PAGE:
We all know that driving under the influence is stupid, but what about driving while drowsy? DWD? Is that even a thing? IDK, but let’s NOT make it a thing.
Similar to driving under the influence, driving while drowsy is dangerous and impairs your ability to drive safely. You pay less attention to what’s going on around you. Your reaction time is slower. And your ability to make decisions is affected. So, please no DUIs or DWDs!
Photo by Alyssa Llamas
Let’s compare apples to apples: DUIs and DWDs. After 18 hours of being awake, your brainpower (or lack of brainpower) is similar to that of someone with a blood alcohol content (BAC) of 0.05%. After about 24 hours of being awake, cognitive impairment is equivalent to a BAC of 0.10%. That’s higher than the legal limit (0.08%) in all states. So think again before you drive to campus after you’ve stayed up all night “studying” for an exam. Just take the shuttle to school!
The National Highway Traffic Safety Administration estimates that 2.5% of fatal crashes and 2% of injury crashes involve drowsy driving. In fact, these numbers are probably underestimates. Up to 5,000 or 6,000 fatal crashes each year may be caused by drowsy drivers.
Here’s what you can do to prevent drowsy driving:
- Get enough sleep! According to the National Institutes of Health, adults need 7 or 8 hours of sleep a day, while adolescents need 9 or 10 hours.
- If you have a sleep disorder, make sure to seek treatment.
- Refrain from drinking alcohol or taking sedating medications (like NyQuil) before driving.
If you’re yawning or blinking frequently, drifting from your lane, missing your exit, or have difficulty remembering the past few miles driven, then you’re probably drowsy and should not be driving. Simply turning up the radio or the AC aren’t effective ways to keep you alert. Pull over and rest for a bit or change drivers. If you’re driving a long distance, take a friend with you so you can take turns driving, help keep each other awake, and split gas money!
Photo by Alyssa Llamas
By ALYSSA LLAMAS
An LA Times article reveals singer Amy Winehouse died of alcohol poisoning, despite allegations that the singer had died from a drug overdose. Though many overlook alcohol poisoning as a major threat to health, alcohol can be lethal in high doses.
According to the article, “the coroner’s report found that Winehouse had consumed 416 milligrams per deciliter of blood. That’s above the potentially lethal dose of 400 mg per deciliter (or a blood-alcohol level of 0.4, five times the legal drunk-driving limit in the U.S.), according to the Mayo Medical Laboratories.”
Alcohol poisoning can be caused by binge drinking, drinking on an empty stomach, or low alcohol tolerance. Other risk factors can be seen here. In some non-fatal alcohol poisoning cases, people suffer from irreversible brain damage. If you think a friend has alcohol poisoning, make sure to take him/her to the hospital right away. Symptoms include vomiting, unconsciousness, seizures, and slow breathing. Also, if you think a friend has a drinking problem, make sure to get them help. Alcohol poisoning is highly preventable, so don’t let it happen to you or a loved one.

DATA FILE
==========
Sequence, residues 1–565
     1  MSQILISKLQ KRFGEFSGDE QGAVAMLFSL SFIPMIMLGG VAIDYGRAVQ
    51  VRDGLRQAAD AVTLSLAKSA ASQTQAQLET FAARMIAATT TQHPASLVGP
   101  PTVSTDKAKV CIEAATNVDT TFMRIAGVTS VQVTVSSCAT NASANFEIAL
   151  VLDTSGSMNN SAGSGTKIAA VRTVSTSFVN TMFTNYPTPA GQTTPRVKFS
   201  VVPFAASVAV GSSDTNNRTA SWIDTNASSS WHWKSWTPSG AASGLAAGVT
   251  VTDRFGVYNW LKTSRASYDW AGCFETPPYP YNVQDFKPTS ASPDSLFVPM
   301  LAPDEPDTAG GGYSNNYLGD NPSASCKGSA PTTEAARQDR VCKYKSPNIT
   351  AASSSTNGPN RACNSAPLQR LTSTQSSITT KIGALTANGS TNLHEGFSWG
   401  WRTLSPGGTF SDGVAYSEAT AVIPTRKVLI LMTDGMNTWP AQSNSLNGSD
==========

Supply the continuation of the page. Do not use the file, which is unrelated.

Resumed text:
image source: brisbane times
A recent study conducted in Europe found that for regular drinkers, an extra drink increases overall cancer risk. The study does not prove that alcohol causes cancer. Alcohol is still a risk factor for cancer. This means that drinking alcohol will increase chances for cancer. Click here for the full article.
Alcohol breaks down the lining of the digestive tract and allows harmful chemicals (which can cause cancer) through. Excessive drinking can cause other health risks, such as alcohol poisoning, liver disease, stroke, cardiovascular problems, unintentional injuries, and many more.
However, many studies have linked MODERATE drinking to some possible health benefits. According to the brainiacs of Harvard, moderate amounts of alcohol raise levels of high-density lipoprotein (HDL or “good cholesterol”) and higher levels of HDL can help protect against heart disease.
So what’s a moderate amount? 1-2 drinks per day for men and 1 drink per day for women. And what’s considered to be 1 drink? 1 drink = 12 oz beer (1 can) or 5 oz wine (1 glass) or 1.5 oz hard alcohol (1 shot).
This does not mean that you need to start drinking, especially if you’re not 21 yet! Here are some CONSEQUENCES OF UNDERAGE DRINKING:
- Alcohol-related car crashes
- Disruption of normal growth and sexual development
- Memory problems
Youth who start drinking before age 15 years are five times more likely to develop alcohol dependence or abuse later in life than those who begin drinking at or after age 21 years (CDC). If you want to learn more about alcohol prevention and how to get involved, then check out Stop Underage Drinking.
For those who don’t drink or are not yet of age, don’t think you need to start just to protect your heart. Healthy eating and regular exercise will suffice.